A ceramic inlay/onlay allows for the restoration of a damaged tooth substance with a ceramic material, manufactured in the laboratory by the dental technician, with the help of CAD/CAM technology. The dentist will perform the tooth preparation and after the ceramic inlay/onlay is created, it will be glued onto the tooth defect, creating a permanent bond.
What is an all-ceramic inlay/onlay restoration?
What is the result of an all-ceramic inlay restoration?
Ceramic inlays can be described as a high-quality, long-term option. They provide an aesthetically perfect restoration.
What is the procedure for an all-ceramic inlay/onlay restoration?
After the caries and/or old fillings have been thoroughly removed, an impression of the tooth is taken. The impression is sent to the dental technician, who will shape the inlay out of an industrially manufactured ceramic block. This way, a maximally aesthetic, functional and extremely precise restoration of the missing tooth substance is obtained.
After checking the fit of the ceramic inlay, a very complex cementing process follows. To do this, the tooth that undergoes treatment is completely isolated from saliva with a dental dam (rubber dam). Then chemical surface roughening is performed on both the tooth surface and the surface of the inlay and composite is layered onto them. The plastic adhesive is then applied to the connection points and the inlay inserted into the exact position. Ideally, after the light-induced curing of the adhesive, the excess adhesive is removed, in order to ensure that there is no gap in between the tooth and the restoration.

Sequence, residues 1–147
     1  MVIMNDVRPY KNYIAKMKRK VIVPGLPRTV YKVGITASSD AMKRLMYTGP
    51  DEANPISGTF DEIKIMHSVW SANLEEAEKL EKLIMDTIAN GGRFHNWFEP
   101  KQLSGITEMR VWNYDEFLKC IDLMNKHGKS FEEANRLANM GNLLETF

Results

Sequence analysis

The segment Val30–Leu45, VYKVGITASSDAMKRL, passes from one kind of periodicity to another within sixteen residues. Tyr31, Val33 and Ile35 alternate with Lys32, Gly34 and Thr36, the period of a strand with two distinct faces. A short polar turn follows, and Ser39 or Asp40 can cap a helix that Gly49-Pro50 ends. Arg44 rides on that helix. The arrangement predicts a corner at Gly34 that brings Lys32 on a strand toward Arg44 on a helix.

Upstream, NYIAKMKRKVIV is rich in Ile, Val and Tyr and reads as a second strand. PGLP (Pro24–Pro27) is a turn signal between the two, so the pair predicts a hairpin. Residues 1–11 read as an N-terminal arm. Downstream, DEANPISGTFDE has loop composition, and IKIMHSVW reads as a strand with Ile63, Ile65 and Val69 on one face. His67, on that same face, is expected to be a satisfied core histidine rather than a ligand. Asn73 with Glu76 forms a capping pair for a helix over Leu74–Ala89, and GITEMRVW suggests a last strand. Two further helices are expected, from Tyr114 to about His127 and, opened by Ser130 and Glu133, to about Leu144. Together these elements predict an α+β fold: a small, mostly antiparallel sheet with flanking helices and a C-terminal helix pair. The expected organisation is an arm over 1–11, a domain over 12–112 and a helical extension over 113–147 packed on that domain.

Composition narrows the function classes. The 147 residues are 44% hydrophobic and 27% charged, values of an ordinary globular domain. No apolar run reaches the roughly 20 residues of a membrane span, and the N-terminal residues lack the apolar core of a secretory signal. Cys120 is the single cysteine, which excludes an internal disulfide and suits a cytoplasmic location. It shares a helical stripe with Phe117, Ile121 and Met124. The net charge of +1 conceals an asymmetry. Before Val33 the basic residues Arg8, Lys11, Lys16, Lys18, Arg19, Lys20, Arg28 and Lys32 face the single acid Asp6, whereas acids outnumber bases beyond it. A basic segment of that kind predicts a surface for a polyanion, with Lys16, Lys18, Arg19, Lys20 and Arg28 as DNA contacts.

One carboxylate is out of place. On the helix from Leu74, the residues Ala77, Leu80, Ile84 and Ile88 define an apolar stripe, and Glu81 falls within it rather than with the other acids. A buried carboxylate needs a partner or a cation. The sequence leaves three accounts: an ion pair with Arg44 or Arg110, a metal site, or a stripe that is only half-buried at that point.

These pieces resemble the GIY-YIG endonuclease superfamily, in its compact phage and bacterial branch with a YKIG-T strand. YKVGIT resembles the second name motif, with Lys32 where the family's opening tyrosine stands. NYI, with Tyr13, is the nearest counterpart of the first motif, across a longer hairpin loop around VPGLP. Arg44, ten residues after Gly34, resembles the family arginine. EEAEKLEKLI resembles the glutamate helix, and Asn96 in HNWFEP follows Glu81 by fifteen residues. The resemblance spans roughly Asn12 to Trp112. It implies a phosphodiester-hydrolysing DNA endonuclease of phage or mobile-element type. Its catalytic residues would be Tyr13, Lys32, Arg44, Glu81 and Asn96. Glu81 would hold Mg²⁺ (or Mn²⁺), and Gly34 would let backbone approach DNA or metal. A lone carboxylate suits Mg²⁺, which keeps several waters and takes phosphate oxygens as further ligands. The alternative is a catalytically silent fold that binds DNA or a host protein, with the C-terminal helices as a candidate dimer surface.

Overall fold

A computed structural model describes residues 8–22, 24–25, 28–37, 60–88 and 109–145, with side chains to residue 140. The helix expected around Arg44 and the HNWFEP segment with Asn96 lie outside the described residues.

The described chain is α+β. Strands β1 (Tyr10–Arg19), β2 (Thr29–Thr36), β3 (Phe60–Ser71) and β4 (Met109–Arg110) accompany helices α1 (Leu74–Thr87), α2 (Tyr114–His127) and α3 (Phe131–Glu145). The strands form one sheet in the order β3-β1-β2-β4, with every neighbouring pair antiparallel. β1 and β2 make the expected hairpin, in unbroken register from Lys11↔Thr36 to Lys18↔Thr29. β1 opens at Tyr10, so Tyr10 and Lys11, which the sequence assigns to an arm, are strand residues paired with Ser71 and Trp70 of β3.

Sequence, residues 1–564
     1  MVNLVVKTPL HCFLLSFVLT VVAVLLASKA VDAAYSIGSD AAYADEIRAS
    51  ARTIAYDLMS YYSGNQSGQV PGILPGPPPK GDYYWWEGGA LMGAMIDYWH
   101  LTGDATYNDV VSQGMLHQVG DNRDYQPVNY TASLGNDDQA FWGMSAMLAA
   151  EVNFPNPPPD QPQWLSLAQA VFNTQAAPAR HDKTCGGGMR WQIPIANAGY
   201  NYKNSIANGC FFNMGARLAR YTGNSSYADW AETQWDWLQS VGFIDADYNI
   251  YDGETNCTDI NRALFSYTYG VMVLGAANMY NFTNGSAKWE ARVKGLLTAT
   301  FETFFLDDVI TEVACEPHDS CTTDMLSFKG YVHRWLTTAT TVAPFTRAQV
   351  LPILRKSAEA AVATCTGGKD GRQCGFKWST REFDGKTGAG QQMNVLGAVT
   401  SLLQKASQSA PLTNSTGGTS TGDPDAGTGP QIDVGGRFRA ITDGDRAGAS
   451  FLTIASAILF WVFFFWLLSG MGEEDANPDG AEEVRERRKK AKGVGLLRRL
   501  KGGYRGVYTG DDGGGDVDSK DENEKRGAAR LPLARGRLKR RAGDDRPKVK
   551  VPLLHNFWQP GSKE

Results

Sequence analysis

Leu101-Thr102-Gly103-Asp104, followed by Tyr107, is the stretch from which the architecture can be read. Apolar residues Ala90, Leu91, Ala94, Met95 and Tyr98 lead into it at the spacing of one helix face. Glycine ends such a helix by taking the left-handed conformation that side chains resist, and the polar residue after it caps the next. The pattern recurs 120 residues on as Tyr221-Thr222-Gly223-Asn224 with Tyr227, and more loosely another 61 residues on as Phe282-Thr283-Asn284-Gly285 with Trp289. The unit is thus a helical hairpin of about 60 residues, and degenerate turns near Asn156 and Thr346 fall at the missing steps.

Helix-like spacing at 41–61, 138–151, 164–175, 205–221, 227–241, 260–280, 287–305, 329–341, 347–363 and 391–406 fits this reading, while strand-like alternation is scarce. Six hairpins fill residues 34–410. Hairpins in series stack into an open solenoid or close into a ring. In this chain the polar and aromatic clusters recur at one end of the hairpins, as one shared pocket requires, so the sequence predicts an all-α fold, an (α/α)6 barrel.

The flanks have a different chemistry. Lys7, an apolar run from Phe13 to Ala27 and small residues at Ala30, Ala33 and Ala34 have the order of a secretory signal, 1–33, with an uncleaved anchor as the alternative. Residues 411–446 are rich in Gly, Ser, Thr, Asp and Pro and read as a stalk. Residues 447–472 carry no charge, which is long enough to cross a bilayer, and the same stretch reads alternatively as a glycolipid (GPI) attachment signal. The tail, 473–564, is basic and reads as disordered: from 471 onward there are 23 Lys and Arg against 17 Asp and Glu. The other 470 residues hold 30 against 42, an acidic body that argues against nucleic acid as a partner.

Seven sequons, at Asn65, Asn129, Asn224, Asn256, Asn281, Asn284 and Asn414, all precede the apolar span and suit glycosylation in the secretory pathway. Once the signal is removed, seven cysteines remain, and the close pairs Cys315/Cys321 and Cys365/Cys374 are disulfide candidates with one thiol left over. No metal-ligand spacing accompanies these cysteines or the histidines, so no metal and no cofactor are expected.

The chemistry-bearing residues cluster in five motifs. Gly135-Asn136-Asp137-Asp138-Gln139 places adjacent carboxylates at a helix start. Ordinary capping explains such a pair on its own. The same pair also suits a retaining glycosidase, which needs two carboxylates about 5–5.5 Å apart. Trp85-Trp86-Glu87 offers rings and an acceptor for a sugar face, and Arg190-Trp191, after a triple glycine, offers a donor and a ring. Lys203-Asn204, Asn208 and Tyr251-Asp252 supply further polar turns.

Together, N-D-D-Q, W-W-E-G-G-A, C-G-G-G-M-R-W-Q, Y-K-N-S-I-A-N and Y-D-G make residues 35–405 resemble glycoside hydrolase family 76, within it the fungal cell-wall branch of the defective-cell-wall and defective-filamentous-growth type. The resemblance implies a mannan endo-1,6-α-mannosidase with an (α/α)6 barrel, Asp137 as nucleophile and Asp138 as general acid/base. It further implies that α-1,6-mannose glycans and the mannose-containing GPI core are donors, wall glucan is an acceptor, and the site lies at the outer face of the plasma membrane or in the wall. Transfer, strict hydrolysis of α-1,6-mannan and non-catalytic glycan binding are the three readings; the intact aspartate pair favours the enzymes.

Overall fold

What are the risks?
There are no specific risks regarding this type of restoration. Almost every dental procedure presupposes certain general risks, such as the possible irritation of the tooth nerve, when treating deep tooth decay. At worst, root canal treatment may be necessary.
What other alternatives are there?
In terms of functionality and durability, a restoration with gold can be deemed equal. The gold alternative becomes necessary in the case of damage that goes very deep under the gums. However, this is rarely the case.
A pure plastic filling can provide similar long-term results in the case of minimal tooth damage. But this is very much dependent on the load applied on contacting teeth.
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